So do I deny myself the rush I get when I triumphantly right the scales of injustice by pointing out the liar in the room?   John would say catching the other person in the lie will only exacerbate the conflict rather than move towards solving it.  

So if I can’t point out that their pants are on fire, what can I do?  

Start by creating a safe space.  If people feel they are safe, they are less likely to lie.   Within that safe space you may get things started by disclosing something about yourself, prompting the other person to reciprocate.   Reciprocal self-disclosure fosters trust and therefore you are less likely to lie to them and they are less likely to lie to you.  It eases both participants into a conversation that has the potential to move them towards a resolution.  

However, there are times in which the other person refuses to participate in disclosures.  If this occurs, John says to try giving the other person a choice between two options of which you are personally impartial. The option they choose will be a disclosure in itself.  Understanding what they need will signal what you can trade with them to arrive at a resolution.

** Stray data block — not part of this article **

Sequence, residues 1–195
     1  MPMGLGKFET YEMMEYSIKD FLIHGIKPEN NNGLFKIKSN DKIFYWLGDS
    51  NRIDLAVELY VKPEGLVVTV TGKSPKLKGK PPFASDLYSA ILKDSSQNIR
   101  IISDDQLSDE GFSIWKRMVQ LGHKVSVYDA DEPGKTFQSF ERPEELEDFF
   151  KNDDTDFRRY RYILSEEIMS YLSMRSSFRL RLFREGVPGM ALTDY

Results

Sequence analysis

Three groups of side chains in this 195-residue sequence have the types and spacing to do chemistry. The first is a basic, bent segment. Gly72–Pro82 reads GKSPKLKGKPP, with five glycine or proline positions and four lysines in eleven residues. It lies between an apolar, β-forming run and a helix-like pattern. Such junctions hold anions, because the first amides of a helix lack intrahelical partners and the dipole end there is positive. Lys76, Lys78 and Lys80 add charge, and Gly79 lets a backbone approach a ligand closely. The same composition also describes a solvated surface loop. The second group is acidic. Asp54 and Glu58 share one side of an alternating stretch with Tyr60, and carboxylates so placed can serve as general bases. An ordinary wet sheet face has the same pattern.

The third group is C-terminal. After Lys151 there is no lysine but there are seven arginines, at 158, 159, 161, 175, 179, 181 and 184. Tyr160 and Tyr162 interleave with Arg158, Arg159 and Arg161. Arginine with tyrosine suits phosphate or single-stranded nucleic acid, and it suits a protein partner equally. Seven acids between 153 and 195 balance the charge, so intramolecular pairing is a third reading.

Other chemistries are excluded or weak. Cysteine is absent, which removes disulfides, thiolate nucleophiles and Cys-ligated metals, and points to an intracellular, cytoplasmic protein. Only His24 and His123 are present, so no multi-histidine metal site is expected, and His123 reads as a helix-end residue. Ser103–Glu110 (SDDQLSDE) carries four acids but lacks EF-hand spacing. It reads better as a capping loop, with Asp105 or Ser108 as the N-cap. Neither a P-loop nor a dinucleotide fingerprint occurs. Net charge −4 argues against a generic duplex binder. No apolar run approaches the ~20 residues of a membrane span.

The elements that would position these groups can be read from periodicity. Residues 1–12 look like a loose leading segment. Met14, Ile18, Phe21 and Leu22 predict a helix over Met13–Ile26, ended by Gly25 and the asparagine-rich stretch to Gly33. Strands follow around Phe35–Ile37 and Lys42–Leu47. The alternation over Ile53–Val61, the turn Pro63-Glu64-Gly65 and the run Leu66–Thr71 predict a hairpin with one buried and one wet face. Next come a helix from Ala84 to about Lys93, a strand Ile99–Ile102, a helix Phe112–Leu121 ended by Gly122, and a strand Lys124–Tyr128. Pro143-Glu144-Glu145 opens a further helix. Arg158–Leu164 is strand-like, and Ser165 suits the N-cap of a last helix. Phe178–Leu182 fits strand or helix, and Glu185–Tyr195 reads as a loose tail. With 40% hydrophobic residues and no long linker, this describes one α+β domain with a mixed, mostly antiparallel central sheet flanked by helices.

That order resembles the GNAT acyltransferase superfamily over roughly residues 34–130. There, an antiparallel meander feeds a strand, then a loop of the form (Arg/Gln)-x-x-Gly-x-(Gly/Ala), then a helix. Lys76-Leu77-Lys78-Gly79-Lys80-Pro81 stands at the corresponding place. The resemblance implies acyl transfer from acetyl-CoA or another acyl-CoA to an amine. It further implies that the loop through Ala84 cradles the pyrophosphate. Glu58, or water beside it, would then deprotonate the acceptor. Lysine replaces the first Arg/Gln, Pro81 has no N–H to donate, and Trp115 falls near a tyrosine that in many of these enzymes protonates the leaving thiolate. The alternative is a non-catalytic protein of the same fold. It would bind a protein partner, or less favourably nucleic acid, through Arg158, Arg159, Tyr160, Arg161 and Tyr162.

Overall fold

John also tackles the obvious, persistent, recidivist liar.   When confronted with the person addicted to lying, she says to use contingencies.  Allow the lie to pass undetected and instead tie contingencies to a resolution based on their falsehood.  (If you turn out to be wrong, then you will have to work overtime to meet the deadline.)  Usually, the person lying will step back from their lie to avoid the repercussions of a contingency.  It neatly sidesteps the need to be right by placing the emphasis on what happens if the other person is wrong.   

John has a few other tips in the podcast so I encourage you to give it a listen.  

In the interim, for those readers following my Liminal Thinking series, are you able reconcile John’s ideas about lying with Gray’s ideas on beliefs?